ST GILES’, OXFORD

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No. 34: Theology Faculty


34 St Giles

 

Nos. 34 is on the right-hand side of a block of three houses desiged and built by Daniel Evans in 1828/9.

The three houses at 34, 35, and 36 St Giles’ Street are jointly Grade II listed (List Reference No. 1047141).

In 1933 all three houses were sold by Exeter College to the First Church of Christ, Scientist, Oxford.

The block is nine bays wide and three storeys high, with attics and basements.

Two eminent builders, Daniel Evans and then his son-in-law Joshua Robinson Symm, lived in this house from 1829 to 1887

Daniel Evans, an Oxford builder who obtained his first college contract in 1820, built this house and its two neighbours in 1829 on a large plot of land leased for 99 years from the Oxford surgeon John Bull. Evans chose to live this house, and let out the other two. The land at the back stretched right around into Little Clarendon Street, where he established his new builder’s yard: this could easily be reached via a gate at the end of his back garden.

In the 1841 census (where Evans is described as brickmaker, builder, and quarry owner) he is shown living here with his wife Elizabeth and their sole daughter (also Elizabeth, born in Bolton in 1804) and his son-in-law and partner in business Joshua Robinson Symm, who had joined him as a stonemason in the 1830s. Also living in the house were a lodger (Miss Anna Juliana Goodenough, described as a fundholder) and three female servants.

34-36 St Giles

Evans died in November 1846 and Symm took over his business, remaining at this house until his death. The 1851 census shows him in this house at the age of 41 with his wife Elizabeth, their five-year-old daughter Hannah, and a cook and housemaid. They kept on Miss Goodenough as their lodger, and she was still living with them in 1861 at the age of 90.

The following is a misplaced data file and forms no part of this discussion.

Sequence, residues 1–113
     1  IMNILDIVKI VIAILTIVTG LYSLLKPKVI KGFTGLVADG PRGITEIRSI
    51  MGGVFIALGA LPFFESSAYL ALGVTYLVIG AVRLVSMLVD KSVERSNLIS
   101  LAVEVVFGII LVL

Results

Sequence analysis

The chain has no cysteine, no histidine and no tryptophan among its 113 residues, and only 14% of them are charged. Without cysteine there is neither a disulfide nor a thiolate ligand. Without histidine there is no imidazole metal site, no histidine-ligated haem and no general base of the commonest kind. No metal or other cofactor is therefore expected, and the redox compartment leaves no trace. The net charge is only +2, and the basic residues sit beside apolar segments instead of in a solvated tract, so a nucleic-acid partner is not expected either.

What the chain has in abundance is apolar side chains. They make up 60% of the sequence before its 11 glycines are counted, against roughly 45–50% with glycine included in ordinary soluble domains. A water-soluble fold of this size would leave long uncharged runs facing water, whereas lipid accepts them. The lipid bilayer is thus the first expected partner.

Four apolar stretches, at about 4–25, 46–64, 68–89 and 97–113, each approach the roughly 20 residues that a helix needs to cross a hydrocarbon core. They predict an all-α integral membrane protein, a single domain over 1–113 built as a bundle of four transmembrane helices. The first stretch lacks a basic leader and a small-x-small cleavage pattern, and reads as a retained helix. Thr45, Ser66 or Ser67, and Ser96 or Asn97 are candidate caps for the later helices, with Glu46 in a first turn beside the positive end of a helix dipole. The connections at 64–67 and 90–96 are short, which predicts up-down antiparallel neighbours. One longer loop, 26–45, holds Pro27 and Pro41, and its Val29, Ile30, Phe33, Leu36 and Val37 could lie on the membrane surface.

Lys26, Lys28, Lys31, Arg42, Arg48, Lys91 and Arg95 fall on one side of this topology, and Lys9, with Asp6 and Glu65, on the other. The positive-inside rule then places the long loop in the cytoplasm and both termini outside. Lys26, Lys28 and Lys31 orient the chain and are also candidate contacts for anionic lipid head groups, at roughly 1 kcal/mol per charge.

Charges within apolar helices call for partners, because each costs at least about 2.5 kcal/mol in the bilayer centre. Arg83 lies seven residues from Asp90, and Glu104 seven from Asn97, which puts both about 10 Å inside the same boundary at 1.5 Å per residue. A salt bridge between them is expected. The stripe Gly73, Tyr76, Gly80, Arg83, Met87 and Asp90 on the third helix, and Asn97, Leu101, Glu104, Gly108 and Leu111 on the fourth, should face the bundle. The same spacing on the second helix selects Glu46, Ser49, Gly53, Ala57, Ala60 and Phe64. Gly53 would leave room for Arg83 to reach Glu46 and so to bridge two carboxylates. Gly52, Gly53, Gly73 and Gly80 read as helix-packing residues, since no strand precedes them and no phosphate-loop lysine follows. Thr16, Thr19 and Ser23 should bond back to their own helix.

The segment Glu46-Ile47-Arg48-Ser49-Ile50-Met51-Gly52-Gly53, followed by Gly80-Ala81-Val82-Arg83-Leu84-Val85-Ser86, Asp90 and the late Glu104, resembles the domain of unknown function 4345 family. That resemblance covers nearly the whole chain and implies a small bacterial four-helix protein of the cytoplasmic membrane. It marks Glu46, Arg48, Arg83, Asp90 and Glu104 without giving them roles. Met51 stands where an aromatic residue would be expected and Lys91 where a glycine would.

Symm built many of the well-known buildings of Oxford, including Exeter College Chapel in the late1850s and the Wesley Memorial Church in New Inn Hall Street in 1877/8. His building firm grew enormously: in the 1881 census Symm is described as the employer of 155 men. The Symm building firm still survives today.

Symm’s only child Hannah died in 1875, and his wife also predeceased him. He remained in the house until his death on 19 July 1887: a lifelong Methodist, he was buried at the Wesley Memorial Church that his firm had built ten years before. Symm & Co. then purchased the freehold of No. 34 and it was let out to private tenants (initially at £25 a year). In 1902 Peattie & Axtell (a related company) bought No. 34 from the old partnership and continued to let it out.

In 1926 ino. 34 ceased to be a family home and was converted into offices. In 1933 the group of three houses at 34–36 St Giles was sold by Exeter College to the First Church of Christ, Scientist, Oxford, but the use of this house as an Income Tax and Land Office remained unchanged.

From 1952 to 1999 No. 34 was the home of the Oxford & County Secretarial College (or “Ox & Cow”) . It is now used by the University of Oxford.

Occupants of 34 St Giles’ Street listed in censuses and directories

1829–1846

Daniel Evans, Builder*

1846–87

Joshua Robinson Symm, Builder*

1889–1891

Bertram Hunt, M.B., M.R.C.S.

1894

Charles Cannan, M.A.

1896–1901

Alfred Denis Godley, M.A.

1902–1907

1902: Mrs Austin
1903–1907: Ware Austin

1909

Philip Edward Homer Adams, Surgeon

1910–1913

Rev. Herbert Louis Wild, Vicar of St Giles

1914–1926

Rev. Charles Fox Burney
Grinfield Lecturer on the Septuagint, Lecturer at St John’s, Worcester,
& Exeter Colleges; later Fellow of St John’s College

1927–1935

Income Tax & Land Tax Office

1937–1939

Unemployment Assistance Board

1952–1999

Oxford & County Secretarial School/College

2000–2009

University of Oxford Humanities Division
(was also Social Science Division to September 2008)

2009–present

Theology Faculty

* See Brian R. Law, Building Oxford’s Heritage. Symm and Company from 1815 (Symm & Company, 1998) for more information on Daniel Evans and Joshua Robinson Symm.

St Giles’ home

Stephanie Jenkins

Oxford History home